Skip to Main Content
U.S. Forest Service
Caring for the land and serving people

United States Department of Agriculture

Home > Search > Publication Information

  1. Share via EmailShare on FacebookShare on LinkedInShare on Twitter
    Dislike this pubLike this pub
    Author(s): D.H. Peter; D. Shebitz
    Date: 2006
    Source: Restoration Ecology. 14(4): 605-615
    Publication Series: Scientific Journal (JRNL)
    PDF: View PDF  (2.60 MB)

    Description

    A little-known fire-maintained anthropogenic ecosystem in the southeastern Olympic Peninsula of Washington is documented. Owing to cessation of burning, most of these areas have succeeded to forest. We present cultural, historical, and ecological data to describe the structure and function of this ecosystem. We believe that native peoples maintained this system for the provision of culturally important plants and animals through repeated burning. The overstory was dominated by Douglas-fir and the understory by beargrass. Shade-intolerant prairie species persist where openings have been maintained but not in surrounding forests. These findings suggest that frequent application of fire would be necessary to restore this ecosystem.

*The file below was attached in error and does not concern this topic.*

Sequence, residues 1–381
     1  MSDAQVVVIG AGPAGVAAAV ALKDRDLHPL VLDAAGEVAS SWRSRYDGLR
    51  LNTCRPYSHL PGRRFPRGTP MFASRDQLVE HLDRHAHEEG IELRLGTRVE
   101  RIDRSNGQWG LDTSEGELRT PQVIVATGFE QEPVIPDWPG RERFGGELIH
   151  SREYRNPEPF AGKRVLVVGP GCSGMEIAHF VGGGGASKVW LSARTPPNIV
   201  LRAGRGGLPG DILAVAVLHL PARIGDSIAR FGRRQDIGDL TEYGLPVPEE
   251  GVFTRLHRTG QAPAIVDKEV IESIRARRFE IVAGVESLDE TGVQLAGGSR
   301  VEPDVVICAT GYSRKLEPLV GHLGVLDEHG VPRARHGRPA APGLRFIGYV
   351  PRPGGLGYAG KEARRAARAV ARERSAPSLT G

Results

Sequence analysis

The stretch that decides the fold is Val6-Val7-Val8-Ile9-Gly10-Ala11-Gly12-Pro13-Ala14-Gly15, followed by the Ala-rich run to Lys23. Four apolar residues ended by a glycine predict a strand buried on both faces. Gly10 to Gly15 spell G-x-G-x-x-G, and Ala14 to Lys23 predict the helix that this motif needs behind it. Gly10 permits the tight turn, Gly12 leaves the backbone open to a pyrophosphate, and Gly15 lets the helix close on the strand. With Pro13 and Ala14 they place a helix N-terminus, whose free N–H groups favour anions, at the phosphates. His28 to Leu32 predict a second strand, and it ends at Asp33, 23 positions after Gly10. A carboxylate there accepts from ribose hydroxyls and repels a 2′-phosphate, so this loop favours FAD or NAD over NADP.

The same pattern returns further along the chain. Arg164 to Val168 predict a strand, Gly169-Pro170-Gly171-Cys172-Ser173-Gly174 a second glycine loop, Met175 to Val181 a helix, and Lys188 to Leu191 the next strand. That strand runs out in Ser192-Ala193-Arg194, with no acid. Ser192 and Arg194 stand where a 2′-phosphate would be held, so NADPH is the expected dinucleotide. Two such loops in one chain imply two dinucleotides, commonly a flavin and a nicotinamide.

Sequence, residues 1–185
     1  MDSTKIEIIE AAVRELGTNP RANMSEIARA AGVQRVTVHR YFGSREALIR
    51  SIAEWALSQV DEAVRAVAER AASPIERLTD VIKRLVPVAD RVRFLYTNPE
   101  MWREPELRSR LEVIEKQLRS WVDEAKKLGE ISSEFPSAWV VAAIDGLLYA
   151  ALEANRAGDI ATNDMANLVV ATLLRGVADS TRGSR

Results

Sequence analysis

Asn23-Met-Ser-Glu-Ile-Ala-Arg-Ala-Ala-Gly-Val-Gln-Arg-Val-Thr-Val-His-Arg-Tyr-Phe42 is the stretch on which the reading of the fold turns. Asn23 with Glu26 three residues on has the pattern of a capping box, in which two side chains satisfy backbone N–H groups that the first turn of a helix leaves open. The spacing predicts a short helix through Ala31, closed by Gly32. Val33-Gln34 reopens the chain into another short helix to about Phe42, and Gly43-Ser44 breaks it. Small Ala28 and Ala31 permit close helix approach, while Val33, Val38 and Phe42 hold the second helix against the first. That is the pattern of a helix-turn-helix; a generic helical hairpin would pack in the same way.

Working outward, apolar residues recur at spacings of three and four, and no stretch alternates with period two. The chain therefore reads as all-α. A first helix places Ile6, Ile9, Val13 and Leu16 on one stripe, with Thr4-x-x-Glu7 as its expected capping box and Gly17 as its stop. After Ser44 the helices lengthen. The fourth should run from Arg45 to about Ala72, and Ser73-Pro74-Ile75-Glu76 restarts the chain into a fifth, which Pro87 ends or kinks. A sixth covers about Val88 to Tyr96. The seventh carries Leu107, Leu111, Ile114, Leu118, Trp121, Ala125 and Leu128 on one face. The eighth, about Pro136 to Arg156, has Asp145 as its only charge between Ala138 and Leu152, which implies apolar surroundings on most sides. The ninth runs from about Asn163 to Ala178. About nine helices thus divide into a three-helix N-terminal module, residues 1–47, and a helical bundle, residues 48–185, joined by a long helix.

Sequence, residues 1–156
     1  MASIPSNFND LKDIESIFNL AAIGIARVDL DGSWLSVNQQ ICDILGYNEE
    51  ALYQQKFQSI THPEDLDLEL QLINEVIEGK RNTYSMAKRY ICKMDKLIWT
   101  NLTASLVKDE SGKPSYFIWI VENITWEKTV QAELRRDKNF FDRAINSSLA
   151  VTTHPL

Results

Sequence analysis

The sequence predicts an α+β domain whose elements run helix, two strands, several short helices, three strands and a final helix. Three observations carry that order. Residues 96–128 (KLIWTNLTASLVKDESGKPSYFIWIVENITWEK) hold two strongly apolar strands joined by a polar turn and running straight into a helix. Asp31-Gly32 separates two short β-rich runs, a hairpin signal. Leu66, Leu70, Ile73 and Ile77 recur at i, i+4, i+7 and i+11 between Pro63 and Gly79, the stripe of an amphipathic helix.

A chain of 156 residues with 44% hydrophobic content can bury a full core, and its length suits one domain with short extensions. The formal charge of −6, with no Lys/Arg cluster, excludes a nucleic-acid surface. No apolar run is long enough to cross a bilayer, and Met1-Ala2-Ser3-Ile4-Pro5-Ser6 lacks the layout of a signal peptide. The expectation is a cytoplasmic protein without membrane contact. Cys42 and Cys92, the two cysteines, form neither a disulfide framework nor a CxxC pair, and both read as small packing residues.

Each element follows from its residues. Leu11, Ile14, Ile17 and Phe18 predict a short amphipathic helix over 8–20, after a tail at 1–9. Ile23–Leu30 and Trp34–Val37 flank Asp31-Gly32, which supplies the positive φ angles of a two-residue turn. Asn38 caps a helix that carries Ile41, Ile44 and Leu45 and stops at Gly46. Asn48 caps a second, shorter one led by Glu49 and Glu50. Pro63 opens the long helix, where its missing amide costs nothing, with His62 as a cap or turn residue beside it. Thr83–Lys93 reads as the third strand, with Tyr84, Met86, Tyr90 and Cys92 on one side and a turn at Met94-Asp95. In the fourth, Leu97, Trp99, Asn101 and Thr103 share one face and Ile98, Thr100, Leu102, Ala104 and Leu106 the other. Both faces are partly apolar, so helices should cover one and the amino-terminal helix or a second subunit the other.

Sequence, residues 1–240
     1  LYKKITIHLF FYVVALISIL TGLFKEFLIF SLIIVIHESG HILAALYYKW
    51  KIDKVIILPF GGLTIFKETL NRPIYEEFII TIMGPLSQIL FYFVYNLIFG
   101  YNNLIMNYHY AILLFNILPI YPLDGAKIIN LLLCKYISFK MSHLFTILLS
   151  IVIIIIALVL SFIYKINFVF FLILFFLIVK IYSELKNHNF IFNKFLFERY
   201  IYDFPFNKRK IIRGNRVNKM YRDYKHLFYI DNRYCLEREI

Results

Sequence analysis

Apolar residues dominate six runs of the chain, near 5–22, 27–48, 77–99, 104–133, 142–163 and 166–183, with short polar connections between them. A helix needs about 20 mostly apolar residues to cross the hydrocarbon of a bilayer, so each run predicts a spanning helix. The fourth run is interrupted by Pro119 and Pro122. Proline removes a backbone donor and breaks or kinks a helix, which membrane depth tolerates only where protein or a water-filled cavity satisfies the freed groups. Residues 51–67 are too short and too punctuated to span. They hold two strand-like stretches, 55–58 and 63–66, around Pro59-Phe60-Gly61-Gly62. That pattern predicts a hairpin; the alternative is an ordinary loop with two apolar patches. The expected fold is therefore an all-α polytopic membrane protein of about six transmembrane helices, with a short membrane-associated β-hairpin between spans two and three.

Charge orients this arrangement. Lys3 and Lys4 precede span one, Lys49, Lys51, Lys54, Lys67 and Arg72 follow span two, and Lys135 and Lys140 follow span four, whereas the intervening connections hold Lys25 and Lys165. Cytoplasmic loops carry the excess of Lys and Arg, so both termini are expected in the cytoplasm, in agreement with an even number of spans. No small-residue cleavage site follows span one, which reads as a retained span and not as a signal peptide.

Publication Notes

    • You may send email to pnw_pnwpubs@fs.fed.us to request a hard copy of this publication.
    • (Please specify exactly which publication you are requesting and your mailing address.)
    • We recommend that you also print this page and attach it to the printout of the article, to retain the full citation information.
    • This article was written and prepared by U.S. Government employees on official time, and is therefore in the public domain.

    Citation

    Peter, D.H.; Shebitz, D. 2006. Historic anthropogenically maintained bear grass savannas of the southeastern Olympic Peninsula. Restoration Ecology. 14(4): 605-615

    Keywords

    anthropogenic ecosystem, beargrass, fire, Olympic Peninsula, prairie, savanna, succession, Xerophyllum tenax

    Related Search


    XML: View XML
Show More
Show Fewer
Jump to Top of Page
https://www.fs.usda.gov/treesearch/pubs/29701